Reports ignore ecological limits
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Sustainability reports rarely refer to ecological limits and few firms set targets based on concepts such as planetary boundaries, climate tipping points or regenerative capacity, according to a study in the Journal of Cleaner Production.
Researchers in Denmark analysed 40,000 corporate responsibility reports published between 2000 and 2014. Despite companies being increasingly encouraged to frame their sustainability activities and communication around ecological limits, they found that just 5% of the reports did so.
The most commonly invoked limits related to climate change and references to the 2°C ceiling set by scientists for a rise in global temperature. Most companies referring in reports to ecological limits did so without specific references to ongoing or planned changes in their activities as a consequence of recognising these boundaries, said the researchers.
Just 31 firms explicitly used ecological limits to define targets for resource consumption, emissions reductions or as a stated reason for adjusting their product portfolio. ‘We were not surprised by the low share of companies referring to ecological limits,’ said Anders Bjørn, from the Technical University of Denmark, who led the study. ‘What surprised us was that, out of that 5% share, only 31 companies reported to have taken a concrete responsibility for preventing the exceeding of ecological limits.’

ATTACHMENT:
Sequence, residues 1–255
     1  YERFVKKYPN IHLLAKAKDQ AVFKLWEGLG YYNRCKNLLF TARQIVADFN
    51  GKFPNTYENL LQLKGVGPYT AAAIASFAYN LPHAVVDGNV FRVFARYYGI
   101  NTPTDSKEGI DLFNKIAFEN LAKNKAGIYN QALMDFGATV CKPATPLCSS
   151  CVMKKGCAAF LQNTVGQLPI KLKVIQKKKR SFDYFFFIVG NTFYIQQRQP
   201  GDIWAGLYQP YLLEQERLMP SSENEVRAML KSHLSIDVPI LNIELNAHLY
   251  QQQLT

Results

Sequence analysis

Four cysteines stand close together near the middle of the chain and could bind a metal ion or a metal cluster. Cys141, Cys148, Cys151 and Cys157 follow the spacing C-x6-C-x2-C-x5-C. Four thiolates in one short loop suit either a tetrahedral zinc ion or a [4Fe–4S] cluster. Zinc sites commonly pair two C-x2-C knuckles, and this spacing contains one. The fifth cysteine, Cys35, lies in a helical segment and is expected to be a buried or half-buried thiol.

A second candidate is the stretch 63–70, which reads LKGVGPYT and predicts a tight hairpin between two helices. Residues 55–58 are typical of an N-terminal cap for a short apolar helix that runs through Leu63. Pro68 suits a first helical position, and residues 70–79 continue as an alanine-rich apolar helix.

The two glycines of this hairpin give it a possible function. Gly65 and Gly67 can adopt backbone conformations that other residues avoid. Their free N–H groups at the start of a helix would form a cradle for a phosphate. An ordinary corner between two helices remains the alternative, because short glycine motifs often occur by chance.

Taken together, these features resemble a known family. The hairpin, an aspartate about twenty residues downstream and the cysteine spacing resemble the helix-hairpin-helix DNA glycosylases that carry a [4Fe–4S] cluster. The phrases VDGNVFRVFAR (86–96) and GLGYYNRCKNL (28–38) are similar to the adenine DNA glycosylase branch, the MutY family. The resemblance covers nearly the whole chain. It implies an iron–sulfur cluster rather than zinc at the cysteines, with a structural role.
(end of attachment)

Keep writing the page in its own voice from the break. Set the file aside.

Bjørn said more companies should set sustainability targets based on ecological limits, so stakeholders, such as consumer organisations and NGOs, may more easily identify ambitious companies and hold them accountable. He said such an approach would improve the state of corporate responsibility reporting where differences in target setting, indicators and terminology make it difficult to tell who is making a genuine effort to be sustainable.
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